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This room is for discussion on entertainment, movies, television, jokes or light-hearted topics. Please keep discussion clean and appropriate for a Catholic site.

Saint Vitus is the patron saint of actors, comedians, dancers, and of entertainers in general.
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Doyou remember?

May 7th 2014 new

Do you remember the TV series NCIS? It was about a naval based intelligence and the head agent Gibbs, was constantly working on a boat he was building.

They had many of those that were so much alike like CSI and I had to think about who played on what! I enjoyed those shows but with a steady diet of them, it was too much of the same topic.

I guess if one goes over well they make so many others and soon its hard to find anything else on TV! I never cared for Law and Order because it was too cut and dry and bonking around made it seem more like a stage play because I like to see people going places! Some of the stories were good but to me it was so dragged out and probably was more realistic but feel getting away from that is what TV is all about!

  • One time a sales man walked into the shop and was nearly identical in every possible way to Melville Greenspan who was on Adderly what was series during the 80s. Funny, now I know more about all this after looking it up then I ever did then!
  • When we first got pay TV I had a silly notion of thinking that at least we wouldnt have to sit through the advertisements bet they were only worse then ever! Im sure many of you can remember when the biggest expense was buying a set and an antenna what with a little luck would last for several years! My father bought my mother a 25 inch color TV for Christmas in 68 and I think it was around $300 what could probably fill 8 or 9 carts with groceries, what do you think? But anyway the sets have really become more affordable.
  • I think a VCR in the 70s was around $1000 or $1500 what no doubt came with bragging rights as a standard feature!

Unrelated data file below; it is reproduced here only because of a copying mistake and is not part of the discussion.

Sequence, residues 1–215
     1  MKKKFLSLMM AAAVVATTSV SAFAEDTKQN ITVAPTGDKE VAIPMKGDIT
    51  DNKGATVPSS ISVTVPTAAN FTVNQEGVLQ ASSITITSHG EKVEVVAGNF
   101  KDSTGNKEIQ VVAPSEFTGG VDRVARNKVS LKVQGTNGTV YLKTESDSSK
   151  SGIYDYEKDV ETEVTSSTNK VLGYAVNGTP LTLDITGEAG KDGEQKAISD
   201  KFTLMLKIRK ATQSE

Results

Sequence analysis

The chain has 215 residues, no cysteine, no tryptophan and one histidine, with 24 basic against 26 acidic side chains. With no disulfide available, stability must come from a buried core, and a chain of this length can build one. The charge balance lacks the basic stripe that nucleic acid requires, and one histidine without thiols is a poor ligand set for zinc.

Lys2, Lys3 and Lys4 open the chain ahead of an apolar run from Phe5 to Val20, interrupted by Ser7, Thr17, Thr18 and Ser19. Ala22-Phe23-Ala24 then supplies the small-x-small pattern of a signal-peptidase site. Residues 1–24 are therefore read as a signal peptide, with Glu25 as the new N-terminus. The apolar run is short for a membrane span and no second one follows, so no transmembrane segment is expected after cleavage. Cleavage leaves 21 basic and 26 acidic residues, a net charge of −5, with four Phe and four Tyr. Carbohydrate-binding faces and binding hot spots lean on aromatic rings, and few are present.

We had a rotary dial phone for a long time, My father bought a cordless phone with an antenna you had to pull out but it didnt work very well so had some loud bells in the shop and a phone on each end of the building but prior to that, my father was getting where he could really sprint!

May 7th 2014 new

I remember movies on Laser Disks. These disks were the size of vinyl record albums (33 1/3). A friend had the player and some disks and I was so fascinated that an entire movie fit onto something so small ! laughing


May 7th 2014 new
Wow We had one too in the family and in fact, it's up in the attic! Its called a Magnavox laser vision the picture quality was remarkable ours opened from the top like a phonograph and you put on the record about the same way as any other record. By todays standards the massive machine would look now like something out of the Flintstones but back then it was the latest thing but also the drawback because it still had a few bugs and few people really knew much about them. It was also delicate too because you had to put in a screw to lock up the mechanism before moving the machine.

May 8th 2014 new
I remember my 7th-grade science teacher bringing a LaserDisc player into class and saying what a cutting piece of technology it was. This was almost 20 years ago...am I really that old? laughing laughing laughing
May 8th 2014 new